Step 5 — Displaying avatars

This step adds the scripts necessary to display avatars. BS Collaborate does not display avatars by itself, but relies on the content to do so. This allows for maximum flexibility, for example if avatars should have more complex behaviour or if other features should be added.

In the previous step we have seen that the BSCollaborate maintains a node with info about a user for each user. This node is called UserData. It has one field wich is of type SFNode and is not used by BS Collaborate. This field is named 'userData' and is provided for the content so that it can maintain custom state info for each user joining the scene.

To display avatars for all users in the scene - not for the own user, however - we define a proto that manages one avatar and we add a Script that receives events from the BSCollaborate node and controlls the instances of that proto. The proto is named AvatarInfo and instances of it are added by the Script to the userData field of the UserData node. The Script is named ScrAvatarMgr.

This is the interface description of the AvatarInfo Proto:

PROTO AvatarInfo
    eventIn SFString    set_avatarString
    eventIn SFVec3f     set_position
    eventIn SFRotation  set_orientation

Creating the Avatar

On Initialization the AvatarInfo node receives the avatar string from the UserData node, examines it and loads the corresponding avatar geometry. In this demo version we simply form a relative URL with the statement var Url= 'Avatars/'+ AvStr +'.wrl';.

The script inside the AvatarInfo node issues a createVrmlFromUrl(.) for the avatar and on reception of the avatar geometry the function AvatarLoaded(.) examines the received scene graph of the avatar to see how to set the position and orientation. This mimics the behaviour of BS Contact, which supports avatars that have set_position and rotation eventIns and wrapps them in a Transform node if they don't. Here an application may need to change behaviour if it wants to use other types of avatars.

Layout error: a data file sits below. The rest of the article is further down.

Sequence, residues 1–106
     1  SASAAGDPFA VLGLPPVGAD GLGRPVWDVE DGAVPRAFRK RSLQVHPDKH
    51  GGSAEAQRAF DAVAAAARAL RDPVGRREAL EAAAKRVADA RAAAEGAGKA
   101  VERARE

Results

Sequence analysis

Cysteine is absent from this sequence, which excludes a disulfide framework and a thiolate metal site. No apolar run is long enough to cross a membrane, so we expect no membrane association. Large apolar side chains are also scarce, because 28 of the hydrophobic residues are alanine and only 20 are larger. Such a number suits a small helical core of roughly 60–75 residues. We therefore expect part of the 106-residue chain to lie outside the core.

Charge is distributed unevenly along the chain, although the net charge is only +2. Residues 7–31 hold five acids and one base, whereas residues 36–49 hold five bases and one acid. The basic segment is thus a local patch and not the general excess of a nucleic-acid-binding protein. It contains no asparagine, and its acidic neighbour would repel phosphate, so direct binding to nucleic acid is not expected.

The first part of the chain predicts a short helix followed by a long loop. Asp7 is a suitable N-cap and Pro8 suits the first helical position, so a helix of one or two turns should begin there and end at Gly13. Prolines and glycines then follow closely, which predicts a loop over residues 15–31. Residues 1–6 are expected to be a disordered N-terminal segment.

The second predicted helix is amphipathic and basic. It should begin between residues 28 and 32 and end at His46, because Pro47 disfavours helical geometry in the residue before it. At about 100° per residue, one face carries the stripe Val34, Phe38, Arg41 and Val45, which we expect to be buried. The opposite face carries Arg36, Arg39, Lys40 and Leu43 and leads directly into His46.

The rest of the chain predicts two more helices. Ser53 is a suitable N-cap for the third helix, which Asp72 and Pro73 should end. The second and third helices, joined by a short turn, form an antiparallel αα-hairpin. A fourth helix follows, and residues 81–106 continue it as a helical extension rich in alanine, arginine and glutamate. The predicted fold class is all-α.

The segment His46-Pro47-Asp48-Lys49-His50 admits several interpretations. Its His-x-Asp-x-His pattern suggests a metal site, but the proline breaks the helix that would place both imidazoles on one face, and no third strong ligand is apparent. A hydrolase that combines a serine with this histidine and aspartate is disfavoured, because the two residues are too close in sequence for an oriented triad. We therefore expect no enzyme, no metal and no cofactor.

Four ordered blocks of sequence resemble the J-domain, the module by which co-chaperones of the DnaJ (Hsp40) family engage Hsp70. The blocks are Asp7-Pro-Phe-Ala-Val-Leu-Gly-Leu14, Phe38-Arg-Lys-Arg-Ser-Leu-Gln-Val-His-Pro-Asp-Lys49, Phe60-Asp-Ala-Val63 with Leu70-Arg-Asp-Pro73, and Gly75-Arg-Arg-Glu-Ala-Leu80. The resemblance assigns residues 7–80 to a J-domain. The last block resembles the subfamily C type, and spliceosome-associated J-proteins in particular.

Updating the position

When the AvatarInfo node receives a position or rotation update it simply forwards this to the avatar in the way the avatar requires it. Since avatars are usually modelled so that you see their face rather than their back when you load them separately, the orientaiton must be combined with a 180 rotation so that the avatar looks into the right direction.

Managing the Avatars

There is a Script node named ScrAvatarMgr which responds to events from the BSCollaborate node in order to display avatars. It responds to the events hasJoined, hasLeft and hasMoved. However the hasLeft event is implemented in a later step of this tutorial.

When the ScrAvatarMgr Script receives a hasJoined event, it examines the passed UserData node to create a new avatar. This involves checking the index whether it is 0, as this means the event is for the local user, which does not need to be displayed (for now). For every other user the script creates an instance of the AvatarInfo node, passes it the avatar string read from the UserData node and assigns the instance to the userData field of the UserData node, so that the instance is associated with the corresponding user. This has no meaning for the BSCollaborate node, as it does not interact with the userData field, but it makes the AvatarInfo node available together with the UserData node every time the BSCollaborate node sends out an event about a user. The script further adds the AvatarInfo node to a Group node, so that it becomes part of the rendered scene graph and can actually display an avatar.

On reception of a hasMoved event the ScrAvatarMgr script simply forwards the position and orientation to the AvatarInfo node associated with the user.

Avatars and the NavigationInfo node

It is important that the avatarSize in the currently bound NavigationInfo matches the size of the avatar that is displayed for the own user in other clients. Especially the avatar hight must match the distance between the avatars eye hight and the sole of the feet. If it does not, the avatar appears in other clients either flying a few centimeters above the ground, or its feet appear stuck in the ground.

Further, avatars should be modeled in a way that the origin of their coordinate system (0, 0, 0) is the point from where an avatar sees the world, i.e. the point between its eyes.